Cancer Care

Cancer Prevention & Vaccination

Making healthy lifestyle choices can help prevent cancer.

How can I reduce my risk of cancer?

  • Don’t smoke or use tobacco. Quitting smoking is the most important thing you can do for your health. Need help quitting? Call the Maine Tobacco Helpline at 1-800-207-1230.

  • Be safe in the sun. Use sunscreen, and cover up when you’re in the sun. Stay in the shade when the sun is at its brightest – between 10 am and 4 pm.

  • Have fewer alcoholic drinks. The American Cancer Society recommends no more than one drink per day for women or two drinks per day for men.

  • Know your family history for cancer. Talk to your doctor about getting genetic testing if you think you are at risk.

  • Eat lots of fruits and vegetables. The American Cancer Society recommends eating at least 5 servings of fruits and vegetables every day.

  • Know your risk factors. Some people may inherit a higher risk of cancer. MaineHealth offers evaluation, genetic counseling and genetic testing, if indicated.

  • Get all recommended cancer vaccines. Some types of cancer caused by the human papilloma virus (HPV) and the hepatitis B virus (HBV) can be prevented with vaccines.

  • Have cancer screenings. Have regular cancer screenings, and get regular medical check-ups. Screening tests can find certain cancers in early stages, when treatment is most effective.

What are cancer vaccines?

Cancer vaccines are shots that keep certain cancers from growing in the body. They help the immune system fight the specific viruses that cause cancer. These vaccines only work if they are given to someone before they are exposed to the virus. Even when you get these vaccines, it is important to follow your provider’s recommendations for cervical cancer screening and hepatitis B testing. You might have been infected with HPV or HBV before getting the vaccine. Talk with your family medical provider about which vaccines are right for you and your family.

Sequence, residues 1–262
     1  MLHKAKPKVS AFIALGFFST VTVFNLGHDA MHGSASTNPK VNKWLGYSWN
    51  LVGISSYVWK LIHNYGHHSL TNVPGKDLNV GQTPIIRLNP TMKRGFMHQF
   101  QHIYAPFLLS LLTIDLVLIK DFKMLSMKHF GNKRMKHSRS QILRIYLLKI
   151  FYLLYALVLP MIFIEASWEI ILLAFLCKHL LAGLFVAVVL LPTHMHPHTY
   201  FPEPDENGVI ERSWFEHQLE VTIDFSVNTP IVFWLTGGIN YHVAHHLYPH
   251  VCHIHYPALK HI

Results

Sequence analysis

Two cancer prevention vaccines have been approved by the U.S. Food and Drug Administration (FDA) and recommended by the U.S. Centers for Disease Control and Prevention.

  • HPV vaccine: HPV vaccine is recommended for all children regardless of gender and is usually given between ages 9 and 12. It is also recommended for young adults with certain risk factors or who did not get the vaccine when they were younger. There are two HPV vaccine brands: Gardasil® and Cervarix®. Three doses of either vaccine are needed for full protection. Cervarix® can only be given to females age 9 through 26 years. It protects against 2 types of HPV that cause cervical cancer. Gardasil® can be given to males and females age 9 through 26 years. It prevents 9 types of HPV infection. Learn more. 
  • Hepatitis B vaccine: Hepatitis B vaccine prevents HBV infection and liver cancer caused by HBV. This vaccine is recommended for all children. The first dose is usually given at birth and other doses are usually given by 6 months of age. It is also recommended for children who did not get it when they were younger and adults with certain risk factors or who want to be protected. There are two brands of hepatitis B vaccine: Engerix-B® and Recombivax HB®. Three doses of either are needed for full protection. There are also three combination vaccines that include hepatitis B vaccine: Pediarix®, Comvax® and Twinrix®. These vaccines also protect against at least one other disease.

HPV Vaccination is Cancer Prevention

Human papillomavirus (HPV) is a common infection that can affect anyone. Almost 35,000 people in the US are diagnosed with a cancer caused by HPV each year. Thankfully, the HPV vaccine is estimated to prevent 90% of HPV-related cancers.

Cancer Screening

Cancer screenings need to be a regular part of your routine health exams. Know the guidelines for screening tests that can detect cancer early before there are symptoms.

Cancer Diagnosis

There are many ways to diagnose and screen for cancer. Some cancers can be diagnosed through imaging tests. Diagnosing other cancers may involve taking samples through biopsy.